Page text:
According to the Wall Street Journal, cyber-cafes had been a “culture mainstay” in the country, with activist frequenting these joints in the belief that the security of their home Internet access had already been compromised.
The government’s latest initiative, as such, is seen to be just another method by authorities to monitor dissent in the country, particularly in the wake of the Arab Spring.
The new guidelines mean that visitors to Internet cafes must now register their personal information, including their name, father's name, national ID number and telephone number, to cafe owners, who are required by law to keep this personal information and a record of the pages that their clients visit for six months. The cafe owners must also install surveillance cameras in their establishments and keep the recordings for six months. Furthermore, installing tools that allow people to access banned websites will also be illegal.
Cafe owners now have 15 days to implement the new measures, or government action could be brought against them.
According to Radio Zamaneh, the government’s attempts to control the Internet will culminate in a complete shutdown of the World Wide Web once the country launches its own Internet network. The government has already indicated that the National Internet could be launched as soon as by next month.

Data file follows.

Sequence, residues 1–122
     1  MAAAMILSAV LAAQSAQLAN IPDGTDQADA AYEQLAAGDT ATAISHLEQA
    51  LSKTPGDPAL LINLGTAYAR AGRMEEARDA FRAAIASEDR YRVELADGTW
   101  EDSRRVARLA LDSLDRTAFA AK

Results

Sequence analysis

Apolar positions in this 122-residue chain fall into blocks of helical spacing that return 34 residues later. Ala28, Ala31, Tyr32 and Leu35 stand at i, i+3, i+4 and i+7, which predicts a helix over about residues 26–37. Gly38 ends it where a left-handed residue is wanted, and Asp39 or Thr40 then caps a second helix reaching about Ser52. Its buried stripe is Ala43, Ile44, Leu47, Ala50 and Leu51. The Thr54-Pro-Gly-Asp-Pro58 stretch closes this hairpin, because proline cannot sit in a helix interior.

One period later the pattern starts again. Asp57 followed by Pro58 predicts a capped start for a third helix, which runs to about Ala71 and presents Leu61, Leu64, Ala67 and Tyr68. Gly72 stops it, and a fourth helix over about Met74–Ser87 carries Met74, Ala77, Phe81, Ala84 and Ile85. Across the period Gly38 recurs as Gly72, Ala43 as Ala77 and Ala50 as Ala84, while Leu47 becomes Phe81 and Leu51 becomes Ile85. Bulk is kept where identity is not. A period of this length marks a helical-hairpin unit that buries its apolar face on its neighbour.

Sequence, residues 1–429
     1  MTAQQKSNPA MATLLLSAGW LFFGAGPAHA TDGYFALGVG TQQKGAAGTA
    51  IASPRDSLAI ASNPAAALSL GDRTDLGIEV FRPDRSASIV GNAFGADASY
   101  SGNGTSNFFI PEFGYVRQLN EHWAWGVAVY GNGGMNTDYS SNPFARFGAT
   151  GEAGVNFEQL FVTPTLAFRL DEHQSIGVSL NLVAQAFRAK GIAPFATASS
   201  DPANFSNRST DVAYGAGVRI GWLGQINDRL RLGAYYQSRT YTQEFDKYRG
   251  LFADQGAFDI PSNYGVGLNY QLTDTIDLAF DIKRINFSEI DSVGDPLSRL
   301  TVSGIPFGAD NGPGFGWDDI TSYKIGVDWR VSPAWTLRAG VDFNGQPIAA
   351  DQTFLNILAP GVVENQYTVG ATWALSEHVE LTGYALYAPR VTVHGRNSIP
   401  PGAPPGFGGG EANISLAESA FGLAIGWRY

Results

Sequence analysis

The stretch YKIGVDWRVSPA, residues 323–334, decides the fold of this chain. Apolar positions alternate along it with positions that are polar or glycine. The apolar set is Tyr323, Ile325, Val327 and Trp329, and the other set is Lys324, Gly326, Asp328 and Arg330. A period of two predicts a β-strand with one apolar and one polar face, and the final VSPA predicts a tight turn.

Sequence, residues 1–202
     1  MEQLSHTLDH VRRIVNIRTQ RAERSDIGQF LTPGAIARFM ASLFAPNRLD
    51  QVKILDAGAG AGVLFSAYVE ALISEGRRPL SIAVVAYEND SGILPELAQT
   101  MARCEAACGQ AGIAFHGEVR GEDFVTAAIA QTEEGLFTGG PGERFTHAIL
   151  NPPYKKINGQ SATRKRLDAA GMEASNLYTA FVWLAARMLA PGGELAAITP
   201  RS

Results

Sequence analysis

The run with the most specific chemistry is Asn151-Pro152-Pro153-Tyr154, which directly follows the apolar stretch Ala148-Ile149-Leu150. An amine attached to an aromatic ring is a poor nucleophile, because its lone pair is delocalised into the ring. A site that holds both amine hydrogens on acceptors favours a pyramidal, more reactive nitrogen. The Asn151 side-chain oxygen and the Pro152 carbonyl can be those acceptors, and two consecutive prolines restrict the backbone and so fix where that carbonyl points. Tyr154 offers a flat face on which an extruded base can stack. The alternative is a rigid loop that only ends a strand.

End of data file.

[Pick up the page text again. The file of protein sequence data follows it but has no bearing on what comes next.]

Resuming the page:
Earlier this week, Iranian Internet users reported an increase to the amount of blocked sites, as well as new barriers to accessing social-networking services. Internet connections, too, have slowed down as the government prepares to transition into a “halal” domestic intranet.
In 2009, the Iranian government created the “Cyber Police”, a 250,000 member strong task force that attempts to fight what they say is a "soft war" of culture and ideology against the country. This came after, activists used the Internet to plan and document mass protests against what they said was a rigged election that returned President Mahmoud Ahmadinejad to office in that year.